“OK Doug, it’s alright.” she soothed. “Are you using your phone? Is someone with you?”

“Whose phone?” he asked.

“No, Doug, are you using your phone to call me right now, or did someone…?”

“I guess so, I mean I had it on me so…” he trailed off. “Why is this happening to me!?” he shouted abruptly. “Why?!”

“It’s OK, Doug. It’s OK. What is it, Doug? What’s happening?”

“One minute, I’m here,” he began sobbing. “Then I’m there, and then I’m somewhere else, completely fucked up. That other place was like – full of spiders, man!” He is panting now.

“It’s OK Doug, remember to breathe, remember what we talked about.”

“I found this phone on me when I got here. I don’t know if these are my clothes, I don’t remember the last time that well…and I’m not wearing any shoes…,” he trailed off.

“I called the last number, a missed call. It said your name was Jay. Can you help me, Jay? I don’t know what’s happening to me.”


She stayed on the line while he looked for street signs at the nearest corner, then she told him she’d put him on ‘call waiting’ to call an ambulance for him.

“No, no, no, please don’t go.” he said. “I think maybe you’re my only link. You seem to know me.”

“Just stay there, Doug, I’m not disconnecting from you, I’m just calling for help for you on the other line OK?”

“What if it happens again?” he said, voice pitched  high with anxiety.

“It’s OK, Doug, I’m not going anywhere, I’m going to stay connected to you the whole time.”

“What if you need to be talking to me, for me to be here?”, he said.

“It doesn’t work like…”

“Oh shit…Shit. Fuck!”

Afterwards, she would pin the sound, as best she could, to the flapping of a heavy coat, caught on mic. Along with the sound of an iPhone in free-fall. There was also a brief cry or screech. Like a gull.

She stayed on the line to ambulance dispatch, until arrival but:

“They’re saying there’s no one there, dear. Hold on.”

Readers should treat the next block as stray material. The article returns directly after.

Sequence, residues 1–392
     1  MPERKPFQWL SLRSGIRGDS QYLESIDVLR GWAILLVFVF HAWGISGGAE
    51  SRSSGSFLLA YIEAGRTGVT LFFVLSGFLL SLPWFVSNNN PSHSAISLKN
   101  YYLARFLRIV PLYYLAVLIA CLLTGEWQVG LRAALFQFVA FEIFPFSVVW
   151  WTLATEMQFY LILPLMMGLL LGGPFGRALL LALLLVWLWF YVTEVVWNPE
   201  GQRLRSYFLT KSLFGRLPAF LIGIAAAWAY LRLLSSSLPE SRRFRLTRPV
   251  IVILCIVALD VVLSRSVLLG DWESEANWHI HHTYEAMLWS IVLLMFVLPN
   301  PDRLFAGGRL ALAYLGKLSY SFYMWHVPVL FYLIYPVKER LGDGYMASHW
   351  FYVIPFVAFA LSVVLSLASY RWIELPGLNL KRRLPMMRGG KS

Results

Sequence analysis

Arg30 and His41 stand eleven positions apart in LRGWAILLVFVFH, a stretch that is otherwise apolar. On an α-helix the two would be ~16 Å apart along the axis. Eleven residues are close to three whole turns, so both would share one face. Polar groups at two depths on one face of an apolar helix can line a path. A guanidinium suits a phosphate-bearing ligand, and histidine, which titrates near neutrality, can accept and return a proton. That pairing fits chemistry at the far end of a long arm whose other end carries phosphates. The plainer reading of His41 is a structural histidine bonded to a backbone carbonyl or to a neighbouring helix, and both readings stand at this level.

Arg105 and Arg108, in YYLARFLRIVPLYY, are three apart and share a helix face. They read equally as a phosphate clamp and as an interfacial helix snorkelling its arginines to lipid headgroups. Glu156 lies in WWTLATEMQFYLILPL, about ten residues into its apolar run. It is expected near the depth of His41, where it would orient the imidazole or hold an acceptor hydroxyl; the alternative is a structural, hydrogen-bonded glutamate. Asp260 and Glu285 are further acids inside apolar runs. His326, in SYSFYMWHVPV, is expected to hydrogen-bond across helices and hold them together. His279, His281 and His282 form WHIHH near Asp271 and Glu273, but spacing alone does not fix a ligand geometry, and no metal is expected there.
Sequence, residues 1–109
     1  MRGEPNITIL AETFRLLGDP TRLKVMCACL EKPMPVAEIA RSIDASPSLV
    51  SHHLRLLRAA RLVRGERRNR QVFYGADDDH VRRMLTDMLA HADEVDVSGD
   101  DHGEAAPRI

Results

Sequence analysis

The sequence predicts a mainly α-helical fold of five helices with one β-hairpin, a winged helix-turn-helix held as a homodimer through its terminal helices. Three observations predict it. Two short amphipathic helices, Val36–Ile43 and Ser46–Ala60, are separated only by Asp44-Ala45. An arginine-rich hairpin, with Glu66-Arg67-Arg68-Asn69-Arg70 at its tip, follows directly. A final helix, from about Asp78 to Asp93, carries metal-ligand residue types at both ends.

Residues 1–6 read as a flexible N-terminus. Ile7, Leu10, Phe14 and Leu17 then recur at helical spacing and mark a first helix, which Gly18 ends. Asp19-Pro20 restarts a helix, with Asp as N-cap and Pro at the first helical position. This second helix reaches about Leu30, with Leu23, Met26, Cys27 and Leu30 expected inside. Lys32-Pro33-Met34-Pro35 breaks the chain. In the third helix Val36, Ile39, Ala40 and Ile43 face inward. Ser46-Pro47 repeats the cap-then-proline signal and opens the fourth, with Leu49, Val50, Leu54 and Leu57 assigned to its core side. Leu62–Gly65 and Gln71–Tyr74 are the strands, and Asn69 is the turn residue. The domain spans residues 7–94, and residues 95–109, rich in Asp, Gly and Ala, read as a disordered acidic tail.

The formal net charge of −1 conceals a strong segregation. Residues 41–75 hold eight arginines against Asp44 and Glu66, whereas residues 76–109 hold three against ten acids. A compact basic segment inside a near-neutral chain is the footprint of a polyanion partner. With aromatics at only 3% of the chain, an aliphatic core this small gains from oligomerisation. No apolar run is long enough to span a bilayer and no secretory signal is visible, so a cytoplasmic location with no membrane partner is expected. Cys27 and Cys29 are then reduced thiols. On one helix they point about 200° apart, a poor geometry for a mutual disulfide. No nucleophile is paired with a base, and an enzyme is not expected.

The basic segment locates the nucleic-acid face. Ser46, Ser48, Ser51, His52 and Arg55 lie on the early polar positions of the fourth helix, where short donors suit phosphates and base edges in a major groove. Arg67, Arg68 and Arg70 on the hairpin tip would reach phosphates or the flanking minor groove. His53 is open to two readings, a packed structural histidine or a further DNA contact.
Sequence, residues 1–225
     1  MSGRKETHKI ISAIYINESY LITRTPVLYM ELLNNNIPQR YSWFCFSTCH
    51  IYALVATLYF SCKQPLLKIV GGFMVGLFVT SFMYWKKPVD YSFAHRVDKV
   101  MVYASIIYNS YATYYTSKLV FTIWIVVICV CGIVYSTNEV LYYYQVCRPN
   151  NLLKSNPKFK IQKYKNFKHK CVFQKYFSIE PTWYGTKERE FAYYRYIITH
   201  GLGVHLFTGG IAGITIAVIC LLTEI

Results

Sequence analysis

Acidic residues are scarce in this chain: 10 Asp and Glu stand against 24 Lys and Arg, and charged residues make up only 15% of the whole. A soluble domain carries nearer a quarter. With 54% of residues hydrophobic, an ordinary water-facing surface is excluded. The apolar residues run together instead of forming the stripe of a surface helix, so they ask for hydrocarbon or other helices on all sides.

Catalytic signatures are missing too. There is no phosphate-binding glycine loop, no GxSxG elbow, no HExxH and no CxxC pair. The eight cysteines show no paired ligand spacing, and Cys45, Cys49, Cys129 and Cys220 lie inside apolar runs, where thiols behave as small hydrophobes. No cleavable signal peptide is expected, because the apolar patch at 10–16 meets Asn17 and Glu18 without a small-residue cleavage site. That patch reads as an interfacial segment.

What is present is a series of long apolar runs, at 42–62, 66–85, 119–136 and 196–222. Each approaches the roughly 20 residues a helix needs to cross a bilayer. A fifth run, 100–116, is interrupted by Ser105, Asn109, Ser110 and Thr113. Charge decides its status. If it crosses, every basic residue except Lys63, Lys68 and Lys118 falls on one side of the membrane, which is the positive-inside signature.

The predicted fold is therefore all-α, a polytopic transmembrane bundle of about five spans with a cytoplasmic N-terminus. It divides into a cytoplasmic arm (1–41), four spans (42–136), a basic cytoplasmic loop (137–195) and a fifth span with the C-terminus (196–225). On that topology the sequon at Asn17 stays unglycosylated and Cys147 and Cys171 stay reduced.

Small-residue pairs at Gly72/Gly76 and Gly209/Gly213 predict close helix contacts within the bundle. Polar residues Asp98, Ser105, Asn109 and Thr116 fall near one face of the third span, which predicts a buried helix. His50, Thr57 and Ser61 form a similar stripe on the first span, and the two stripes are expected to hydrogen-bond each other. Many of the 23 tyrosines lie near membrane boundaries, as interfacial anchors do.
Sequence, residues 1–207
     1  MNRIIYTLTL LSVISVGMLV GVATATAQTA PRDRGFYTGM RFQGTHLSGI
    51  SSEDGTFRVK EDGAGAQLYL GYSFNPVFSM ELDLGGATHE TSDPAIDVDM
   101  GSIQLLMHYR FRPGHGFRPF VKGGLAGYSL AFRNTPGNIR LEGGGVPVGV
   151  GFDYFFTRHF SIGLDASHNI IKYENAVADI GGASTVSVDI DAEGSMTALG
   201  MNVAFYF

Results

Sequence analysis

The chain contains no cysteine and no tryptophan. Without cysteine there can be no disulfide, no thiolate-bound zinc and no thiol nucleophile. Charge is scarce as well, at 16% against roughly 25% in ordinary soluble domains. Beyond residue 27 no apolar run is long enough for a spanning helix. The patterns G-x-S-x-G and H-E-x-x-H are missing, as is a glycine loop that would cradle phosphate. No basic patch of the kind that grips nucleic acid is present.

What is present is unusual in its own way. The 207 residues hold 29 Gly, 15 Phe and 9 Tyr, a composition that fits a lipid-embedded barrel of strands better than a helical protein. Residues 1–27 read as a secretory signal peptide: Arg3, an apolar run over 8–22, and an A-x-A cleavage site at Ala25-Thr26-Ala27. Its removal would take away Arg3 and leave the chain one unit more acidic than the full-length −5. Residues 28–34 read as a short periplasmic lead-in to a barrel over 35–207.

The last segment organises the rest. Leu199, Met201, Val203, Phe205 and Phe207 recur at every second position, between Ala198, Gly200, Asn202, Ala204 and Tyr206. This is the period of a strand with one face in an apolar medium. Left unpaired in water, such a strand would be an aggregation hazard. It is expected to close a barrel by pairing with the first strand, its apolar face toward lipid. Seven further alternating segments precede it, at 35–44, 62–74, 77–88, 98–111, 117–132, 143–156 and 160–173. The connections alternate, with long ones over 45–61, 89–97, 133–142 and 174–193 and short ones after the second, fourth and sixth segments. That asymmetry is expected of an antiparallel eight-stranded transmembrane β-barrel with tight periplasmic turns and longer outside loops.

She could hear the dispatcher’s muffled voice, speaking to an EMT.

“Ok. No, there’s a phone and a pile of clothes. That’s all they’ve found. The phone’s dead, apparently.”

Doug had vanished.







Crowley watches, as the man sitting across from him, minutely adjusts a single gold cufflink; revealing the barest glimpse of a Breitling wristwatch. He is becoming impatient now, and a little off balance. This is exactly the right moment to strike.

“So. I know we’ve covered the events, from start to finish for that afternoon. But I just wanna run through them again, briefly. Just one more time” says Crowley.

A sigh of infinite patience.

“And I’m doing this again because…?” Landers complains. “You should be out trying to find her.”

A quick drum of fingers; a “let’s go” which Crowley notes; along with the choice of pronouns.

“Mr Landers, honestly, by helping us get a picture of exactly what took place; it is the best way, to help us find your little girl.”

But today he is good cop.

“Just bear with us here, sir. Only a little longer,” says Velasquez beside him, mildly.

Today, she isn’t. He knows that mild tone.

“You say here, that you arrived at around midday, parked the car,…You carried the picnic items down, is that correct?” Crowley pretends to be reading it.